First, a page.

Why You Need Legal Counsel

August 2014Articles In the Zone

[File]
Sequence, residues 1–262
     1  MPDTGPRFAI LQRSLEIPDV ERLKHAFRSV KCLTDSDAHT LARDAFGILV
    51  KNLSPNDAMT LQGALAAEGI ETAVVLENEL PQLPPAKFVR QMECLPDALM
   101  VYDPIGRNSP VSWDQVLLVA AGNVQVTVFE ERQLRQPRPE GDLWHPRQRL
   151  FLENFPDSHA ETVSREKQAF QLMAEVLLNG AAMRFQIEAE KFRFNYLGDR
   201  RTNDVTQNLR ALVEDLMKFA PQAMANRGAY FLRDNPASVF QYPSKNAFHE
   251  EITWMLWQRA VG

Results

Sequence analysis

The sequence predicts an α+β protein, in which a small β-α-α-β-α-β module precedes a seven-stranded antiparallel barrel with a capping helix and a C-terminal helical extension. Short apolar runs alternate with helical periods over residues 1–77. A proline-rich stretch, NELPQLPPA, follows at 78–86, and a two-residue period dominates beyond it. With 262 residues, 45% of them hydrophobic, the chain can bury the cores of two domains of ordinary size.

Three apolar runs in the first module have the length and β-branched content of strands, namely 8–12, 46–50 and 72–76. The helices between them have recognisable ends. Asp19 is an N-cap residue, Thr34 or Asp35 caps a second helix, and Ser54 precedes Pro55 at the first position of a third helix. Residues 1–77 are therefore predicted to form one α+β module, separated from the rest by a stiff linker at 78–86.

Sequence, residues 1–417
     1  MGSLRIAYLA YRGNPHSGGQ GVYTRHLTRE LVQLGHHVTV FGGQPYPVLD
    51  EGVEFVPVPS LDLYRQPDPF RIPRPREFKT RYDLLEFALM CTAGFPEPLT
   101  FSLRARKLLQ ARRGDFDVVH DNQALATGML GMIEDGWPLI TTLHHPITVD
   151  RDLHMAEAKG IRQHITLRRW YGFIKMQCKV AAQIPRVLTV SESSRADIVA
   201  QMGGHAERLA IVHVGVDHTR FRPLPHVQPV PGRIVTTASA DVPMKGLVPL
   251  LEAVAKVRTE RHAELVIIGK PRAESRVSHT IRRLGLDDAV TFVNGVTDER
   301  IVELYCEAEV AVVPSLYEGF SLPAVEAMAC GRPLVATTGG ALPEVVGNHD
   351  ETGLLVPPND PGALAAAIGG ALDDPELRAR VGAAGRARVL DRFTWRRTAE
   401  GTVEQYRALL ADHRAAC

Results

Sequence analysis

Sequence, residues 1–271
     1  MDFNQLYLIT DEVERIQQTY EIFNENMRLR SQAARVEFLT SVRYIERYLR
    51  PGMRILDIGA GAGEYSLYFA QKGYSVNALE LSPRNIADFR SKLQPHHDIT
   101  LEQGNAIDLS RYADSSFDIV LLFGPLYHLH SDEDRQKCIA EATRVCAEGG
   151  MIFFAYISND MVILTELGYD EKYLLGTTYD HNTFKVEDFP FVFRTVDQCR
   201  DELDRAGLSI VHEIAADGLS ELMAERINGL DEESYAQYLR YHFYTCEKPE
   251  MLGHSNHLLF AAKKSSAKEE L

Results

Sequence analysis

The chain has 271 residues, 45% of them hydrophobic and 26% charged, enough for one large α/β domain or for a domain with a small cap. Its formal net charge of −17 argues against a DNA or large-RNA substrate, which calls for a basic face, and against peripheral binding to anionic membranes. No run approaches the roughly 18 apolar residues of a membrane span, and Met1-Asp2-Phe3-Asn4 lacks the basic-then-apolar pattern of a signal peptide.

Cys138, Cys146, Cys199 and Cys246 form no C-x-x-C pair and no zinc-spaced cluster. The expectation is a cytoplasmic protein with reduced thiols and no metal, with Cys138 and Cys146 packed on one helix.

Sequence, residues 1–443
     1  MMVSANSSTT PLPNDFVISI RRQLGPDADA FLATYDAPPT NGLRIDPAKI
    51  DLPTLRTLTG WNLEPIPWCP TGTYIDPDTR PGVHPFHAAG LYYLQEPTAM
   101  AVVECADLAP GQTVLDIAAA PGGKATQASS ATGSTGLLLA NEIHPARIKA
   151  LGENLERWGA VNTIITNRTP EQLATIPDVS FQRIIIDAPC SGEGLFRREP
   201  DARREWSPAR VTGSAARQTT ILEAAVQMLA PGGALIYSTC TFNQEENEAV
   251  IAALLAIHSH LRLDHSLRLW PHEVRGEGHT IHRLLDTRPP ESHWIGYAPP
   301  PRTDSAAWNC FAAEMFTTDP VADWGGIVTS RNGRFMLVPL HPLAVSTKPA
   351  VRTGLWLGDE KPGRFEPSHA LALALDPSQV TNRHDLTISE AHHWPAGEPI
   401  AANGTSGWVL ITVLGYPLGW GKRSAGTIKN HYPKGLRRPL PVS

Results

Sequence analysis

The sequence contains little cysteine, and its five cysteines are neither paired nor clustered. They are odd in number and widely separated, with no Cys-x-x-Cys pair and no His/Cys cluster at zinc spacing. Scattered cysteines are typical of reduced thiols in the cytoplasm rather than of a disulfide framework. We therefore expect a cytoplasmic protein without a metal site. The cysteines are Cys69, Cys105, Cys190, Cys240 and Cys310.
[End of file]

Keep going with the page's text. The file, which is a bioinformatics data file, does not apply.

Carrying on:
In the case of Selig v. The Zoning Hearing Board of North Whitehall Township, the Pennsylvania Commonwealth Court, in an unreported decision, upheld prior case law ruling that a corporation cannot proceed “pro se” or with a non-attorney representing them. In the Selig case, Selig attempted to handle a land use appeal in court, without legal counsel, as the sole shareholder and officer of an underlying corporate applicant. The Commonwealth Court confirmed that a corporation cannot take legal action in court except through legal counsel and that such rule of law holds true even if the corporation only has one shareholder. By implication, this same rule requiring attorneys to represent corporations in court should also apply to limited partnerships and limited liability companies. Similarly, many of the governing bodies and zoning hearing boards in Pennsylvania properly apply this same rule in their administrative proceedings; thus requiring any entities to be represented by licensed legal counsel. In fact, there is a separate body of law that prohibits non-lawyer agents of the applicant (such as engineers, architects, realtors, etc.) from representing such applicants in administrative proceedings as constituting the unlawful practice of law. In summary, any corporations, limited partnerships and limited liability companies should have legal counsel representing them in all land use proceedings before the municipality and in court.

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